There is an underlying principle to observing nature that most people maybe don’t
fully appreciate even if they understand it. It is miraculous, beautiful and fascinating
at every level. You can zoom in from a view of the entire earth through a spaceship
window, down through the eyepiece of a microscope and at every instant in between
it is just stunning. How many wildlife photographers get excited about the pictorial
possibilities of the moss that they sit on while they wait for the fox to come by.
I get out there and my attention is dragged this way and that by things that catch
my eye. I fell asleep today counting the bluebell spears pushing through the moss
when I should have been watching out for the deer that Loz saw further along the
ride. It is sensory overload for me and that makes it doubly frustrating when I struggle
to get a picture that does it all justice. So today I tried close ups and landscapes,
detail and generalities, colour and black and white.
The picture above is a better example of what I mean than anything I can write. The
detail, the lushness, the colours, the variety of species (at least four mosses ,
various lichens and liverworts, bluebells and grasses all on one small dead stump.
Just the richness of it all, really. Everything I like about plants is here.
A wind blown dead pine throws bright green fresh, living growth up into the sunlight
that streams through the hole in the canopy of a dense forest that its demise has
created. Death creating life. I like the texture of the many fine side branches in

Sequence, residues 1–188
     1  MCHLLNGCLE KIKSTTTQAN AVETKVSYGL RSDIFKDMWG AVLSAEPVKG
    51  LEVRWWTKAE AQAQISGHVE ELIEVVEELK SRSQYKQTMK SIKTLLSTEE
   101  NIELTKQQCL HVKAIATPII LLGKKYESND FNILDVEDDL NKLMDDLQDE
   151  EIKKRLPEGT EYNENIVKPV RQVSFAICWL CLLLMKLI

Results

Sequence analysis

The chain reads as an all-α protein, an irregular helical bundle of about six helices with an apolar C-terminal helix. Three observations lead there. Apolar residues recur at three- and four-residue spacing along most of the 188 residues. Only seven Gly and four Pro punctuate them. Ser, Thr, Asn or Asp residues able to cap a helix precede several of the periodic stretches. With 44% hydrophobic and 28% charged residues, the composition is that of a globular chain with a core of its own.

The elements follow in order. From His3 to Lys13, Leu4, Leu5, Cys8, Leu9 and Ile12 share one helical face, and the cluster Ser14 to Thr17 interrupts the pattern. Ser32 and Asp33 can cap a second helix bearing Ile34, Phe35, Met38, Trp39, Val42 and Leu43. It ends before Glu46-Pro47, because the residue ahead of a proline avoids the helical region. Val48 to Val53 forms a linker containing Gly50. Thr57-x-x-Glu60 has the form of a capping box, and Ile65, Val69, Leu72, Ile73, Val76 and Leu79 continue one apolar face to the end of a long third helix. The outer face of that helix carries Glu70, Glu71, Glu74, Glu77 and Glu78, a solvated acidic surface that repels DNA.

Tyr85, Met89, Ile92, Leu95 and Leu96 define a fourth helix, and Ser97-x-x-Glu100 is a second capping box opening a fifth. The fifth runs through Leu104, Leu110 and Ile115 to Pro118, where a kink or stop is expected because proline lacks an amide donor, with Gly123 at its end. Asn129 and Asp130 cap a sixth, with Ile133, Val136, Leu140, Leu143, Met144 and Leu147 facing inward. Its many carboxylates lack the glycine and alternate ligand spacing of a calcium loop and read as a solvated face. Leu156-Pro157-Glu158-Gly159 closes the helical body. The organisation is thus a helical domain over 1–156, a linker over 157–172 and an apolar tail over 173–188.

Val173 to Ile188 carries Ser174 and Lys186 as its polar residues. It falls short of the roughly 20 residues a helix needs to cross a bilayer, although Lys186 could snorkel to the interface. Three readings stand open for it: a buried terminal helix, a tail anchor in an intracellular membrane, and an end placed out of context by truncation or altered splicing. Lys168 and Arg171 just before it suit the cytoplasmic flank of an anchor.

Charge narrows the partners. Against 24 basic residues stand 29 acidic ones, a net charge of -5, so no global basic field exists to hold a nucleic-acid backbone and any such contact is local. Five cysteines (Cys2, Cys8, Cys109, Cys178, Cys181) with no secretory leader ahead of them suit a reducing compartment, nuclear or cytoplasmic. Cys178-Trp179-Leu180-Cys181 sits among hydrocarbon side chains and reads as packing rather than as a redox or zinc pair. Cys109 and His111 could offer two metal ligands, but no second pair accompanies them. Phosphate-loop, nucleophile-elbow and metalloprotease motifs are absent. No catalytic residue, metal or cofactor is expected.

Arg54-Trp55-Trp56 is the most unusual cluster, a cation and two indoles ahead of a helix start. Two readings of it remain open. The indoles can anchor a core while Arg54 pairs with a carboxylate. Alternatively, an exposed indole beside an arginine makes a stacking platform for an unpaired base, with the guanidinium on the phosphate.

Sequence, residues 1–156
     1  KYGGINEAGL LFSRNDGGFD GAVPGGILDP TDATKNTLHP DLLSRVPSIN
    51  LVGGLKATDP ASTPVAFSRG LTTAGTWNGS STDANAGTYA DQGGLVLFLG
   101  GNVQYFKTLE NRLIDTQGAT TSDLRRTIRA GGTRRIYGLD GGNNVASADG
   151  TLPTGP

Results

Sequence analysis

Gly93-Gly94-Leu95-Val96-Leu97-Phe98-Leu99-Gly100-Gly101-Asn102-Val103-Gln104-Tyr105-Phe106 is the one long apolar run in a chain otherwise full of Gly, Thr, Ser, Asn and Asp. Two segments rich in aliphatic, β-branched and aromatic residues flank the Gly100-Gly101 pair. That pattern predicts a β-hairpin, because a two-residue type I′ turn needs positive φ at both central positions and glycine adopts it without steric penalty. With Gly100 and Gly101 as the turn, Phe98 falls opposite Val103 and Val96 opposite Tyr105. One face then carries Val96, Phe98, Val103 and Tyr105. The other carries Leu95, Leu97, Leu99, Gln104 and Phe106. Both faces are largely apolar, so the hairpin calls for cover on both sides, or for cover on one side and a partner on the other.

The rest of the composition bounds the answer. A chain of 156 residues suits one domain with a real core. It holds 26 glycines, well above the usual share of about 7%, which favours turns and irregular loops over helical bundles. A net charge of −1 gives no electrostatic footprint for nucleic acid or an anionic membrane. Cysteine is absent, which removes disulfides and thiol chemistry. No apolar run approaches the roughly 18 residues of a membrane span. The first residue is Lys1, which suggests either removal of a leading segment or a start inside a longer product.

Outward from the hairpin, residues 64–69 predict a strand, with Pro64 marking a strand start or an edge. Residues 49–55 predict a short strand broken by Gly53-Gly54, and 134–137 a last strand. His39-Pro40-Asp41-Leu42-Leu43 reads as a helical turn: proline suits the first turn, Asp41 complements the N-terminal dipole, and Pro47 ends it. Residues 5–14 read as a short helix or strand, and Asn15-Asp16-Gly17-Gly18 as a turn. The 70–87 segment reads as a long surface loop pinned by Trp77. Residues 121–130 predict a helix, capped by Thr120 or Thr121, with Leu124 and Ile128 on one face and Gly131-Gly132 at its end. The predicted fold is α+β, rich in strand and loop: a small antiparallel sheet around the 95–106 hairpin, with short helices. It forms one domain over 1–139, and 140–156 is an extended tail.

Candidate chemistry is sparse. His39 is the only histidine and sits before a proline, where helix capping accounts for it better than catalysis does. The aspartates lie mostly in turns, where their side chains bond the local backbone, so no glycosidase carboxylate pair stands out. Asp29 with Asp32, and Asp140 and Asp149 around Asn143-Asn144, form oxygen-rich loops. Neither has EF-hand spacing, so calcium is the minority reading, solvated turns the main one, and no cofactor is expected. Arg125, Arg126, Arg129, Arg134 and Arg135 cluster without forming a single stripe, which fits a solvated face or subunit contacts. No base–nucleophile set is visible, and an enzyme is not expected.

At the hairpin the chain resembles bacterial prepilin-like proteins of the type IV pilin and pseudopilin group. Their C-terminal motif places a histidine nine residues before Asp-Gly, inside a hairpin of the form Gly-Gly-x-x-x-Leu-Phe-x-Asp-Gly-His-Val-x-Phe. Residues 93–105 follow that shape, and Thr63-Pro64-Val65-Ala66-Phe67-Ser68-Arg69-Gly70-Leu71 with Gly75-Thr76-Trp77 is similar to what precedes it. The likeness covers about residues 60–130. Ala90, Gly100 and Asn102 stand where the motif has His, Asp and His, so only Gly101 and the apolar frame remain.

the background and the soft ferns in the foreground as well; my favourite picture
of the day.
These images are all the product of a recent return visit to the Forest of dean.
Ostensibly we were once more on the trail of boar, but as usual, I was distracted
by the surroundings and these are the pick of the bunch. Unusually for me, I planned
many of the crops and colour to black and white conversions before taking the pictures
and I suppose that counts as progress.
What caught my eye for this first image (above), were the subtle colours and tones
on the bark of these coppiced birches, beeches and sweet chestnuts. Although I could
obviously see the whole of these trees, I selected the most colourful area with
the densest branches and the biggest, and most pleasing colour palette. By cropping
as I have, the focus is on those colours and the vertical lines, and any distracting
effect of land and sky would be eliminated.
The next image was taken from within a dense and gloomy pine plantation. There was
a distinct change of atmosphere at the margins, from damp and lush to dry and bright.
From dense, mature, coniferous woodland to a sparse, open and bright, deciduous clearing.
The colour shift from black and green to pale grey and brown, I found very interesting,
and I had to take many frames to get a balance of exposure that I could tidy up at
home to show this.
The left of these two pictures is of a tree plate. The large flat ‘plate’ of roots
that are ripped up when a tree blows over on shallow soil. The tree was now dead,
but I found it interesting that the, apparently, more fragile foxglove and the holly
seedling were barely affected by this disaster, simply turning their heads once more
to the light and growing on upwards. A bonus was the shaping of the tree root which
reminds me very much of a deer reaching up to eat leaves as if from a standing tree.
The right hand picture is an indulgence. Like all of these shots it was taken using
filters to allow a very long (up to four minutes in some cases) exposure. Initially
I was simply trying to catch the dappled light leaking through to the trees. I didn’t
really work as I had hoped, the long exposure, the filters and the changing light
gave the photo an archaic, somewhat faded look rather as I used to get from my old
instamatic camera. However, whilst waiting for the frame to expose properly I decided
to take part and produce a very rare selfie of sorts. I walked into frame, stood